The combiner will include an RF sample point at each input and output of the combiner.
The combiner must be capable of continuous operation across the temperature and humidity range as the transmitter with all inputs from all transmitters operating at 110% of theirTPO.
RF insertion loss shall not exceed 0.4 dB from input terminals to output terminal with all inputs operating at transmitter TPO levels.
Channel isolation shall be greater than 35 dB between any input and any other inputs Group delay shall be within + 20 nanoseconds across the channel pass band.

DTV Transmitter Specification

This specification covers commerical off-the-shelf television transmitter and related products. The buyer intends to use this document to support design and planning activities necessary to upgrade analog television transmission systems to digital transmission capability. The specifications will be used to define hardware, software, services, and performance in procurement actions and accepting deliverable items as outlined in contracts, service agreements, and purchase orders.

Nothing in this document is intended to commit the buyer to accept technical parameters or levels of performance. The buyer will not pay or commit to pay for any products or services unless and until a valid written contract or purchase order has been executed. Information provided in response to any request is deemed to be representative of products, services, and pricing available from carriers, manufacturers, service providers, software developers, or their authorized representatives.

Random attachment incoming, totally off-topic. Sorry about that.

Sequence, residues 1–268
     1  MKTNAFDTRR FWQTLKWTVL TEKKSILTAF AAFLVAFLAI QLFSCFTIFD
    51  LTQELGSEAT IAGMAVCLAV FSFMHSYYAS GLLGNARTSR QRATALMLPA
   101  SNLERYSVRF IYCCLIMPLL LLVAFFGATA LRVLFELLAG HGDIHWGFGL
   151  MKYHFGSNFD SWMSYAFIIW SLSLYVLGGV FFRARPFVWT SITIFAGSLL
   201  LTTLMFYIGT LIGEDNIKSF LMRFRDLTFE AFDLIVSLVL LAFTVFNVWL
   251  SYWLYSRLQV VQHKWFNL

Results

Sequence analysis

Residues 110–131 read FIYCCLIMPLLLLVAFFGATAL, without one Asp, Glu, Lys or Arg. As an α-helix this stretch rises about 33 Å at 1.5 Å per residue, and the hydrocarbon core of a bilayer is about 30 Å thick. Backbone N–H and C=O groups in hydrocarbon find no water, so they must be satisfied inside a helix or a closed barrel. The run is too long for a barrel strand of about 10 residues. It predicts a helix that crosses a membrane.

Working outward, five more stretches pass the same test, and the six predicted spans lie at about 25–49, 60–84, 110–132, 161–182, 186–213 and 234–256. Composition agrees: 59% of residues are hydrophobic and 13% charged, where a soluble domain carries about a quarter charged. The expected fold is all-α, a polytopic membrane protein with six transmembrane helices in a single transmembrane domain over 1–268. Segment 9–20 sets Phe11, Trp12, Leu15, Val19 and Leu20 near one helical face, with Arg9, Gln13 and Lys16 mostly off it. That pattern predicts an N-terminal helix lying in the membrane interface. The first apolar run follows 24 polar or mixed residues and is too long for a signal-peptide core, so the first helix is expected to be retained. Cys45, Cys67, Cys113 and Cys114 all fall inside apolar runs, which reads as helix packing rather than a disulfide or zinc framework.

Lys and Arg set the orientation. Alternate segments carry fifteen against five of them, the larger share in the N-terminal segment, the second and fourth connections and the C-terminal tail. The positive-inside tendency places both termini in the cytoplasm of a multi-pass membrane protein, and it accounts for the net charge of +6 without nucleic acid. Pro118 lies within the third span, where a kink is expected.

Unless otherwise noted, items quoted in response to this RFQ are to be products designed and manufactured by the respondent and generally available to a wide range of end-users. The respondent is requested to review the specifications included in this request and propose products that meet or exceed the requirements outlined. It is expected that a respondent will demonstrate competence by providing a list of current users of products being quoted; user configuration and maintenance manuals; design, manufacturing, and test documentation under controlled release; and finally, proving acceptable through the buyers test and acceptance processes. Assertions of ISO Certification are welcome but not considered substitutes.

Manufacturer–Supplier Qualifications

Transmitter useful life expectancy of more than 10 years, perhaps as long as 20 years is anticipated and based on past experience with older generation equipment. Preference will be given manufacturers or suppliers of Transmitter Equipment (as defined in this document) deemed in possession of the following attributes:
  • An established Field Engineering and Customer Support organization
  • Manufactured and sold the same or similar equipment for at least 10 years
  • Will commit to making replacement parts available from a US or North American Free Trade Area depot for at least 10 years after shipment of any equipment ordered in connection with this specification
  • Currently offers telephone and Internet parts ordering and knowledge base support 24 7
  • Established practice in regularly scheduled training seminars for station personnel

Transmitter General Requirements

Highly parallel architecture is preferred. Examples of such architecture are 1 for 1 backup of major components including exciter-modulator, intermediate power amplifier (IPA), high power amplifier (HPA), and all power supplies. Each of these components must be available to substitute for its counterpart upon failure of the unit in service. Ideally, substitution of the backup on failure would be via a monitoring point detecting a failure such as loss of DC operating voltage, output signal, high VSWR, or other similar mechanism. Such activity would also trigger alarms available for remote sensing through transmitter status and control interface. Designs employing high power combining networks to combine the output of high power amplifiers may be an acceptable alternative in specific cases where it’s deemed to be cost effective. 

Mandatory Design Requirements and Work Flow Processes